Did Baby-Faced Assassins Kill Post-Modernism?
This is for backpack-wearing, early-to-bed, celibate, polite, unironic and mackerelly sincere eager-to-please vegan fauxhemian Millennials and all members of the Gratingest generation, whose earnestness has gone from admirable to precious to something destructive. The victims? Post-modernism, sarcasm, irony, architecture, literature, music. The aggressive earnestness and participatory vibe also help explain advertising’s current confusion.
“POST-MODERNISM IS DEAD”
An article in the August Prospect Magazine announces the end of post-modernism citing the first comprehensive retrospective in the world of its kind at the Victoria and Albert museum: “Postmodernism—Style and Subversion 1970-1990.” Had we really even finished defining it?
If there’s one word that confuses, upsets, angers, beleaguers, exhausts and contaminates us all, then it is postmodernism. And yet, properly understood, postmodernism is playful, intelligent, funny and fascinating. From Grace Jones to Lady Gaga, from Andy Warhol to Gilbert and George, from Paul Auster to David Foster Wallace, its influence has been everywhere and continues. It has been the dominant idea of our age.
Post-modernism is probably best defined by placing it along modernism, its forerunner.
What is changing is that postmodernism will no longer be the dominant form. The new dominant form is emerging. As one brilliant writer puts it in Partial Objects, “The best way I can describe what I think comes next, in light of postmodernism, is the death of cool. The detachment and aloofness that defined cool are no longer palatable to younger generations. “Whatever,” followed by some glib deconstruction of motives, intent, and meaning, is no longer an acceptable response to an idea or question. Deconstruction is no longer an excuse for inaction or withdrawal.”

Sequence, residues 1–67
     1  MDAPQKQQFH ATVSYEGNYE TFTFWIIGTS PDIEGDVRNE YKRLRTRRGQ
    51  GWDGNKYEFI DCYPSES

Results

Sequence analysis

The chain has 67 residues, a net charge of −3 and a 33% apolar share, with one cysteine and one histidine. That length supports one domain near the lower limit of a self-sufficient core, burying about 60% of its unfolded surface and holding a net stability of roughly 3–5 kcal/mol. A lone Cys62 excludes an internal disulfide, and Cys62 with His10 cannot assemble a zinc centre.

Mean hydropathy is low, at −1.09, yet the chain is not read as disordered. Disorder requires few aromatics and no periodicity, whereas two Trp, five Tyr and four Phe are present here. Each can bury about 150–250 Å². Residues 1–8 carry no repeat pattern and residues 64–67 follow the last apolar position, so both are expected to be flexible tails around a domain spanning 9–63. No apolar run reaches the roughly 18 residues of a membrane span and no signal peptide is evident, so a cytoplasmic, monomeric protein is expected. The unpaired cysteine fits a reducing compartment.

So what’s next? Some speculate it’s “Authenticism”?
BABY-FACED ASSASSINS AND THE DEATH OF COOL
As PastaBagel says, “If we listen carefully we can detect a growing desire for authenticity all around us. We can identify it in the way everything from bands to brands are trying to hold on to, or take up, an interest in ethics, values, or a particular and participative sincerity. A culture of belonging is advertised and celebrated and cherished. Values are important once more.” Yes, marketing’s awkward new adolescence has frozen a lot of brands in timid brainless advertising and led others to embarrassing overreach. But whatever, it’s kind of cool, this new belonging and feeling that we can do better. It’s just never been attempted on such a scale at such large doses for such a sustained period.
Arcade Fire: Brilliant or bland, maybe. But earnest, fersher.
Pants merchant Levi’s: “Now is our time.Your legacy is yours to make. Get involved.”(Plus, pants.)